Cardiovascular Health, Naturopathic Strategies
It was thought that since fatty cholesterol containing streaks were first found in arteries that fat and cholesterol must be the cause of arterial disease (leading to heart attacks and strokes), however, research is proving that these streaks are more of a sign of a problem, but not being the actual original problem, or its cause. Coronary artery streaks, or ‘plaques,’ are really the result of several different types of damage. The most common types of arterial damage is due to excess free radicals and excess inflammation. So, cholesterol buildup is more of a bystander and is more recently being seen as a healing response by the body (except in genetic causes of extremely high cholesterol and LDL) to try and heal damaged arteries; cholesterol buildup may also result from hormonal imbalances, particularly from excess insulin and cortisol (more below). LDL, HDL, cholesterol…what are these? Cholesterol is a waxy compound that the liver makes (generating 80% of your total blood cholesterol) which all of your cells must have to function normally.
Functions of Cholesterol:
- vital for normal functioning of all cell membranes, allowing receptors and transporters of substances in and out of the cells
- required for your body to make several hormones such as testosterone, estrogen, progesterone, cortisol and more
- used by your liver to make bile (stored in your gall bladder), which allows your body to properly digest fats and fat-soluble vitamins (vitamin A, D, E, K); bile also allows you to absorb omega-3 fats
- cholesterol is required by your skin to make vitamin D (with some ultraviolet light exposure)
Cholesterol is transported in what are called lipoprotein particles (two types are ‘HDL’ and ‘LDL’). These lipoproteins actually deliver fats and fat-soluble vitamins (eg: vitamin A, E, D, K) to your body’s trillions of cells and is vital for them to function normally. LDL sends such ingredients towards your cells from your liver and HDL transports substances from your cells back to your liver for reprocessing.
What causes high cholesterol?
Elevated cholesterol is primarily due to liver dysfunctions, excess insulin, excess cortisol, excess free radical damage (‘oxidative stress’), excess inflammation, sedentary lifestyle, excess consumption of starches and sugars (processed foods), hypothyroidism and inadequate exercise. Some nutritional deficiencies are also associated with elevated cholesterol such as with low chromium. Some medications are also associated with elevating cholesterol. Toxicity can also cause elevated cholesterol, such as through smoking and other forms of toxic chemical exposure.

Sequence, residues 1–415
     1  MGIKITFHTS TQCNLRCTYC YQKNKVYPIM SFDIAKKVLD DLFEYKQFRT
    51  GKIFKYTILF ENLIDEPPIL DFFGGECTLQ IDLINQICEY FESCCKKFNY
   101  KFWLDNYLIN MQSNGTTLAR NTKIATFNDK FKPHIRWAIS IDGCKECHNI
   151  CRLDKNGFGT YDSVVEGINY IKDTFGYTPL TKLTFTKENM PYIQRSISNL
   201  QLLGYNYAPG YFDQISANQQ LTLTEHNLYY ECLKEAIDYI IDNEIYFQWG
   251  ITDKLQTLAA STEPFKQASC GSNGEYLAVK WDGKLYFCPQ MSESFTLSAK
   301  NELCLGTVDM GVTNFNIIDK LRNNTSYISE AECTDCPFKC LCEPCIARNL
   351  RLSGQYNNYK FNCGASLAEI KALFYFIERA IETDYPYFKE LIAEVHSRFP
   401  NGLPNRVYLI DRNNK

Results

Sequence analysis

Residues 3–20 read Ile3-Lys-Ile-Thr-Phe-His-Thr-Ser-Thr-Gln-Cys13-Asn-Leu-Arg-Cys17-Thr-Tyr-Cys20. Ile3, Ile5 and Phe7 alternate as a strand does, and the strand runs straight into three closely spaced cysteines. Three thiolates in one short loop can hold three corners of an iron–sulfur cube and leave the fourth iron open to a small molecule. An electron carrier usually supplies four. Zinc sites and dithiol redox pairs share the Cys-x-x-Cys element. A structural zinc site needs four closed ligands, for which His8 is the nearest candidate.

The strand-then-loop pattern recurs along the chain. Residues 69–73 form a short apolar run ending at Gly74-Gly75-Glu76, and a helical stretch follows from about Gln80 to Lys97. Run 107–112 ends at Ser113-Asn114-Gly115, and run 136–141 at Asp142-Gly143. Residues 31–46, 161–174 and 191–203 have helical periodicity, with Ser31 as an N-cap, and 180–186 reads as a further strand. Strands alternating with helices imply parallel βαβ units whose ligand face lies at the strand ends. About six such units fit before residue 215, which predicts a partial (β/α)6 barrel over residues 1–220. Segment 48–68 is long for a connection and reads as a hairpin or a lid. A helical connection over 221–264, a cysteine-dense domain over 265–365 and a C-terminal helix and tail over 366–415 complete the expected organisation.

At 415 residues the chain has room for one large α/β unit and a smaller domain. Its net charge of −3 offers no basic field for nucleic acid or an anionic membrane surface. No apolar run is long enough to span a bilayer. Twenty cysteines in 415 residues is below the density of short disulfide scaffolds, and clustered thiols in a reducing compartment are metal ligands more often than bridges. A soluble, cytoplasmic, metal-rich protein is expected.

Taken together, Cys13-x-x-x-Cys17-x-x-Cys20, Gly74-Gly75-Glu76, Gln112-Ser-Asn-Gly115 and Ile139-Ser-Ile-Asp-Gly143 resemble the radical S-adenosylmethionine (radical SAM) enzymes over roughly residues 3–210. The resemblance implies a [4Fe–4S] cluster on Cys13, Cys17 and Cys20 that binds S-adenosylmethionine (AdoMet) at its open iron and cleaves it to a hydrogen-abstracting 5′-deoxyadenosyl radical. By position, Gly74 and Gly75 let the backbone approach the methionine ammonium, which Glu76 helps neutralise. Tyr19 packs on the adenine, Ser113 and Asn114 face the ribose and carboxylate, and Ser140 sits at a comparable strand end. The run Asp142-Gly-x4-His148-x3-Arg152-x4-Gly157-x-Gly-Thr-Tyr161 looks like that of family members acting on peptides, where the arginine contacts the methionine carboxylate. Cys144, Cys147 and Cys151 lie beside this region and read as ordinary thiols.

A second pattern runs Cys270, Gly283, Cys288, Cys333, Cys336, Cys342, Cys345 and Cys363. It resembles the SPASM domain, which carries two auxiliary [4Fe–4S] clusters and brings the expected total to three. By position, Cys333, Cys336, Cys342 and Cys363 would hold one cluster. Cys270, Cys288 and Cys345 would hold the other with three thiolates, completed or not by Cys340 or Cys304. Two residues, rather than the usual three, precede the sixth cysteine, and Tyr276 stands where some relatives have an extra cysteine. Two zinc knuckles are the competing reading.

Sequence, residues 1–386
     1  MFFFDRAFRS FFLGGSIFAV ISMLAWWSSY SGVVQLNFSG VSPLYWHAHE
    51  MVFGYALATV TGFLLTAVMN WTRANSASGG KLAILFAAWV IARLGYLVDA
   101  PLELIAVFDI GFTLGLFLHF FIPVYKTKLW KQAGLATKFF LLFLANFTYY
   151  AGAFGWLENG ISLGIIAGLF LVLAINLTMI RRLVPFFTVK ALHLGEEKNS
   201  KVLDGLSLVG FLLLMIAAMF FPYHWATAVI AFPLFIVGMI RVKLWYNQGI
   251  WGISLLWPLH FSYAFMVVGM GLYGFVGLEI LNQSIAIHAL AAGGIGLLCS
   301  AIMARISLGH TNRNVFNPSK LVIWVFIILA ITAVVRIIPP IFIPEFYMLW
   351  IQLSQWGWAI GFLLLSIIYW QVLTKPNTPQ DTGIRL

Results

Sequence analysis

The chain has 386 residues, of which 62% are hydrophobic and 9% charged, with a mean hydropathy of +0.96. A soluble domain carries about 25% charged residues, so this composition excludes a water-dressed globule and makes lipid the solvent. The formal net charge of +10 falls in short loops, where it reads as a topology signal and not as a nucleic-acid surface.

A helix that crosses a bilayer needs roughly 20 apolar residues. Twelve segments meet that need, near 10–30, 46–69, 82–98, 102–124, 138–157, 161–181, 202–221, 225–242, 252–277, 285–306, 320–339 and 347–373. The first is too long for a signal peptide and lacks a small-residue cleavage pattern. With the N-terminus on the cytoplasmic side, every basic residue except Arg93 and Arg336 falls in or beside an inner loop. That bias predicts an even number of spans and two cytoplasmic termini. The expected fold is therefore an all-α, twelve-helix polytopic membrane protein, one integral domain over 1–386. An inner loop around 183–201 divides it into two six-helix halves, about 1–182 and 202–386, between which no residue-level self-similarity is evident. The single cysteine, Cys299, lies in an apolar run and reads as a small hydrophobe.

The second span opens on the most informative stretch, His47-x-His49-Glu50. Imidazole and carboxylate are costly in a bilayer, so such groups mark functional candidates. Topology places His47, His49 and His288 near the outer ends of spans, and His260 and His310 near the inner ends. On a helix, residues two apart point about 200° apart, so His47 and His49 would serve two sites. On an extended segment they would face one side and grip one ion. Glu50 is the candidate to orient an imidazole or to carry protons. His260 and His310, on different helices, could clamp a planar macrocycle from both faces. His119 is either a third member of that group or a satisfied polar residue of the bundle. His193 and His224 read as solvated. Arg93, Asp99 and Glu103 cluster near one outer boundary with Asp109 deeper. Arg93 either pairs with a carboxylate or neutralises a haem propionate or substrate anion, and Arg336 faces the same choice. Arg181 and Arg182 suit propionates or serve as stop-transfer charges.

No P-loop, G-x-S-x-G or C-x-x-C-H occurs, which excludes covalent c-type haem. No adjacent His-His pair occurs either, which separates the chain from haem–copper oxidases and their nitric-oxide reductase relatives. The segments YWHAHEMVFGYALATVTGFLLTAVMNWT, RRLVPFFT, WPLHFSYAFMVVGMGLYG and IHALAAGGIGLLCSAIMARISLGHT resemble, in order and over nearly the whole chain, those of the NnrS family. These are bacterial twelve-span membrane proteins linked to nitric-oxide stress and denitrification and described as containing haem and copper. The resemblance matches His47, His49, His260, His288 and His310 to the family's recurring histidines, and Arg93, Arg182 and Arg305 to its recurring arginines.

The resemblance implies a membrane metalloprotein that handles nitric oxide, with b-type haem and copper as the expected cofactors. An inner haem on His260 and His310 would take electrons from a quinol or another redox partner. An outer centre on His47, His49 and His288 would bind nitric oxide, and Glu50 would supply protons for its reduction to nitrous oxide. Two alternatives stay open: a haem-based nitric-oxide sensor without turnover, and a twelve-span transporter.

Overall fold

Atherosclerosis – a metabolic disease
Treating cholesterol alone is a down-stream way to address what are really deeper issues that actually cause cholesterol elevations – this avoids addressing the ‘upstream’ true problem. A very common issue that is not being regularly tested or screened is elevated insulin and cortisol. Both of these hormones promote dysfunction in your metabolism which leads to more inflammation, more free radical (oxidative) stress (which damage your arteries)…which leads to elevated cholesterol (including oxidized cholesterol) and atherosclerotic plaques. Essentially, these hormones force your glucose levels to be normalized, so that even when you do a standard fasting blood glucose test, it is very often showing normal, though it is in many cases being artificially normalized through the action of excess insulin and cortisol. So, ideally, you should also be testing your insulin and cortisol as well as several other nutrients and toxins in your deeper evaluation of your cardiovascular health (including those with diabetes).
Naturopathic solutions for cardiovascular disease
Controlling cholesterol does not address the underlying issues, so the best naturopathic approach is to address these underlying causes. Customized strategies involve optimizing your diet, exercise, overall lifestyle and using herbs and other supplements as necessary. Sauna’s can also be of benefit to shift your metabolism. See some cardiovascular-related case studies here. To book your naturopathic assessment, contact the clinic at 905-597-7201.